Join us for an evening with debut Chicago author, Adam Levin, as he discusses his novel, The Instructions.
Beginning with a chance encounter with the beautiful Eliza June Watermark and ending four days later with the Events of November 17, this is the story of Gurion Maccabee, age ten: a lover, a fighter, a scholar, and a truly spectacular talker. Ejected from three Jewish day schools for acts of violence and messianic tendencies, Gurion ends up in the Cage, a special lockdown program for the most hopeless cases of Aptakisic Junior High. Separated from his scholarly followers, Gurion becomes a leader of a very different sort, with righteous aims building to a revolution of troubling intensity.
The Instructions is an absolutely singular work of fiction by an important new talent. Combining the crackling voice of Philip Roth with the encyclopedic mind of David Foster Wallace, Adam Levin has shaped a world driven equally by moral fervor and slapstick comedy—a novel that is muscular and rollicking, troubling and empathetic, monumental, breakneck, romantic, and unforgettable.
Adam Levin’s stories have appeared in Tin House, McSweeney’s, and Esquire. Winner of the 2003 Tin House/Summer Literary Seminars Fiction Contest and the 2004 Joyce Carol Oates Fiction Prize, Levin holds an MA in Clinical Social Work from the University of Chicago and an MFA in Creative Writing from Syracuse University. His collection of short stories, Hot Pink, will be published by McSweeney’s in 2011. He lives in Chicago, where he teaches writing at Columbia College and The School of the Art Institute.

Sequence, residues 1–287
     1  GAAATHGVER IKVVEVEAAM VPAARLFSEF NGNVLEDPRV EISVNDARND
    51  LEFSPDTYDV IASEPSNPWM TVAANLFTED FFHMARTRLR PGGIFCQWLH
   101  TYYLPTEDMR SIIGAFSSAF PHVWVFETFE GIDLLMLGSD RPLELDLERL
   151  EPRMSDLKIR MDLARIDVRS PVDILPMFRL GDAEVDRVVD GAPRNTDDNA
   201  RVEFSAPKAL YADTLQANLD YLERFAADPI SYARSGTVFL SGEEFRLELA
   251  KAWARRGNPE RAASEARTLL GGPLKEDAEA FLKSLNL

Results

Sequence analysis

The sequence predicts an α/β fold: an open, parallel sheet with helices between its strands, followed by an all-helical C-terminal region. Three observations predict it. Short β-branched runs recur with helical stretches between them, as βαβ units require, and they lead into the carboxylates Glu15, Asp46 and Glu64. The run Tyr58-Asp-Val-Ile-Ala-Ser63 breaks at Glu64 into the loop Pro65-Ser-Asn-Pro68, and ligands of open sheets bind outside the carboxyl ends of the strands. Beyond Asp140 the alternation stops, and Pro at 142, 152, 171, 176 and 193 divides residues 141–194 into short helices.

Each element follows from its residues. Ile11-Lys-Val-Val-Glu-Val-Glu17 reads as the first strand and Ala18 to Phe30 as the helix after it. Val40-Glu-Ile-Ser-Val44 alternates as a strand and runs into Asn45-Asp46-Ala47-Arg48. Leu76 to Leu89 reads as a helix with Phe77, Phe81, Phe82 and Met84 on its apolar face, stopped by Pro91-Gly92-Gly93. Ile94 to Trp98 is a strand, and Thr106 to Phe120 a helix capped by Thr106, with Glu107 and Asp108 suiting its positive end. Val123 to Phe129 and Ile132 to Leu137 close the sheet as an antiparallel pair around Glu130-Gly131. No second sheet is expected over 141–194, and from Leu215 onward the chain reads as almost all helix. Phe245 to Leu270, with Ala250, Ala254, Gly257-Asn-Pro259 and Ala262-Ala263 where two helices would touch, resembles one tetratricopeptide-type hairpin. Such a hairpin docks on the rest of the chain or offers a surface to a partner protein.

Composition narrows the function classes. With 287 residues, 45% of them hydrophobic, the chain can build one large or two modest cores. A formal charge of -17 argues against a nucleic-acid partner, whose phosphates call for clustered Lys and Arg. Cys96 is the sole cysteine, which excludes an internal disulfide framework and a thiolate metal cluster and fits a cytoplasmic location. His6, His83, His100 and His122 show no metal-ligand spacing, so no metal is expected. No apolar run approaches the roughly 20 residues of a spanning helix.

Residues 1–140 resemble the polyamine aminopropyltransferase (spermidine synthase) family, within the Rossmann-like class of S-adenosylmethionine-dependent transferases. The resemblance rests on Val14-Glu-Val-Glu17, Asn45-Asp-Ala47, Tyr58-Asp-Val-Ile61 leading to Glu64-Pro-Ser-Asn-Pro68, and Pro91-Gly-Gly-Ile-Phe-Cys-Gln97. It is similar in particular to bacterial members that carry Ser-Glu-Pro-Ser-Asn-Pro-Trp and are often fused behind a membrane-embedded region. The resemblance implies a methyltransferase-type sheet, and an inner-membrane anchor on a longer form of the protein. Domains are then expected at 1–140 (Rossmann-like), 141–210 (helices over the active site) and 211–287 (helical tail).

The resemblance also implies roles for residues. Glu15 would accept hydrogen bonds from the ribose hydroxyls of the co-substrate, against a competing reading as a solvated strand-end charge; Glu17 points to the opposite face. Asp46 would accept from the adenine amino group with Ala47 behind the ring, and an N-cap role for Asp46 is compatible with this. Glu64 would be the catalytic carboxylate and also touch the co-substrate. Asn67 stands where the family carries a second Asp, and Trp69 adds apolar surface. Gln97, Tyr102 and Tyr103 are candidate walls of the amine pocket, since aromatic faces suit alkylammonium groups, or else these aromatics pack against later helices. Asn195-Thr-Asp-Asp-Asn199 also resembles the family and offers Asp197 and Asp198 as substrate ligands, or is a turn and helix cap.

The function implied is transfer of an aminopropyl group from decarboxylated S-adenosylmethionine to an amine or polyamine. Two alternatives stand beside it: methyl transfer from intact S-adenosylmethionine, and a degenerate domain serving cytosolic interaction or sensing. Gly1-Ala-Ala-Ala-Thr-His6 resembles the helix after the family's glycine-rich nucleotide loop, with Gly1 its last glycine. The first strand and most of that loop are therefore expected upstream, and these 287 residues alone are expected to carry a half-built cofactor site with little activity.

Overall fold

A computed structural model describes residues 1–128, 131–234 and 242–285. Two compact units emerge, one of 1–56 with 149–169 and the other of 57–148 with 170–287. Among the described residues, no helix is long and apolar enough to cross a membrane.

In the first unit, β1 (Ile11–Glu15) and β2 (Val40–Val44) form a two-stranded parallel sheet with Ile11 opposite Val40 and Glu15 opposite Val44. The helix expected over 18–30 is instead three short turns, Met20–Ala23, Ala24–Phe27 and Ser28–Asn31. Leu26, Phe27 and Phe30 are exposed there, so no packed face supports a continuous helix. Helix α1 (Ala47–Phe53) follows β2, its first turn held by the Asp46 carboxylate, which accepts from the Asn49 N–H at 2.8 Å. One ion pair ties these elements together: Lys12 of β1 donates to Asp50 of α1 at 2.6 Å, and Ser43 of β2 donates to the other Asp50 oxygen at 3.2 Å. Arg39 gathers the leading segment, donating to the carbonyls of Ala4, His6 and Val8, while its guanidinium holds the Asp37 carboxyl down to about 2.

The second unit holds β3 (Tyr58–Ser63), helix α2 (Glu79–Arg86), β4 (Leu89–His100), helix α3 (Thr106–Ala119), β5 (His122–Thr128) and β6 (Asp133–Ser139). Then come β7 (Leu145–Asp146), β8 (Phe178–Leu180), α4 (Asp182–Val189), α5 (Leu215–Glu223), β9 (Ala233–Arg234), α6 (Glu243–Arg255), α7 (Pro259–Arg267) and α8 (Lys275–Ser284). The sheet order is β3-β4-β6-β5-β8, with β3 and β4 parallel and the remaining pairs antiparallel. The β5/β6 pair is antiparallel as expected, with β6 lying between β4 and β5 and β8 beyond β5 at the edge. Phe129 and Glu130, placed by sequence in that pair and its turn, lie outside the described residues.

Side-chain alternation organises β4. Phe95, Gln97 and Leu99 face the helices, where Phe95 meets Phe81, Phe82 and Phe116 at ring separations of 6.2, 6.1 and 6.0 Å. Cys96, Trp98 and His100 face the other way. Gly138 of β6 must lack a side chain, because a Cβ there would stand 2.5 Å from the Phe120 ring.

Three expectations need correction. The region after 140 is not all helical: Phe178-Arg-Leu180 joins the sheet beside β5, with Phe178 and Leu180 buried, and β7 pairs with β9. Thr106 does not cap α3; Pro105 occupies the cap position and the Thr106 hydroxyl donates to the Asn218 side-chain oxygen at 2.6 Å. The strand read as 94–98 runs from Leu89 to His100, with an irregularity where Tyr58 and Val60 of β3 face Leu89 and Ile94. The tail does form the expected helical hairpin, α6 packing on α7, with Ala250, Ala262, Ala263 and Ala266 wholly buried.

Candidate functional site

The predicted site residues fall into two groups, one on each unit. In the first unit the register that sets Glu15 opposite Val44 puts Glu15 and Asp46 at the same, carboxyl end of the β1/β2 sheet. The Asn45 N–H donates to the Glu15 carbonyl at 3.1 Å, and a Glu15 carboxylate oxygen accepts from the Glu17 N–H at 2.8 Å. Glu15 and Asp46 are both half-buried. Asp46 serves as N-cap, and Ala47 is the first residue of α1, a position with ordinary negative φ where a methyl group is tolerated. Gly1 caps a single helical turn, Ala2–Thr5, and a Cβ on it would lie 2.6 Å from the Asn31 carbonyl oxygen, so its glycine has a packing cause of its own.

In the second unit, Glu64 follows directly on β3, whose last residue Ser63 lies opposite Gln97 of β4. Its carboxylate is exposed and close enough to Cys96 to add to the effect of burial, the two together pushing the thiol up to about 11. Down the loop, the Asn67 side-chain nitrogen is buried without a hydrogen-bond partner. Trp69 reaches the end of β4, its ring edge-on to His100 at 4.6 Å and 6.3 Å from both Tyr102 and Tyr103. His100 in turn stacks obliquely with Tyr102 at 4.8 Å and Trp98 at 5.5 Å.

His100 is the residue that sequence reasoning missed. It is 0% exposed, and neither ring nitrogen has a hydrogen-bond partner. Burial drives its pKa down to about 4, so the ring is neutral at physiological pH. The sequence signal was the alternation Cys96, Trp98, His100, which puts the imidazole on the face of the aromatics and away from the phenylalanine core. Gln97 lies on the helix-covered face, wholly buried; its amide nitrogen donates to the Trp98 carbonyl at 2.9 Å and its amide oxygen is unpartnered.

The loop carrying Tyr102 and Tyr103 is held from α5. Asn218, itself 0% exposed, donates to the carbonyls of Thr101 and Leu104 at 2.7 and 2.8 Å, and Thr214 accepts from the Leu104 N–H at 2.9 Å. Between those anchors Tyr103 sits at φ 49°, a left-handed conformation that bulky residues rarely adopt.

This event is free and open to the public. Co-sponsored by The Book Table and the Oak Park Public Library.
The Instructions is one of Jason's staff recommendations: "First of all, don't be scared of its size. Because the novel takes places over four days and is told (almost entirely) from one voice, it's a much smaller and intimate novel than its girth would make you believe. I found it impossible to not be converted to the cause of the 10-year-old potential messiah as he justifies each of his seemingly unjustifiable actions. This is a novel about power and appalling violence, but it's filled with so many cute and tender moments and such a variety of humor, from a brilliant dissertation on the word "combover," to a hilarious response to the narrator's fan letter to Philip Roth, to several scenes of physical comedy that would make Laurel & Hardy proud. This is a masterly conceived debut and will be a topic of discussion for decades to come."
"So sprawling is this debut novel that the galley came into the book room in two bound volumes. The Chicago author, whose 1,000-plus-page story is about a juvenile delinquent with messianic tendencies who starts a revolution, is being compared to the late David Foster Wallace."--Chicago Sun-Times
"One of the buzziest books of the fall."--The Stranger (Seattle)
One of New York Magazine's 20 most anticipated books of the Fall.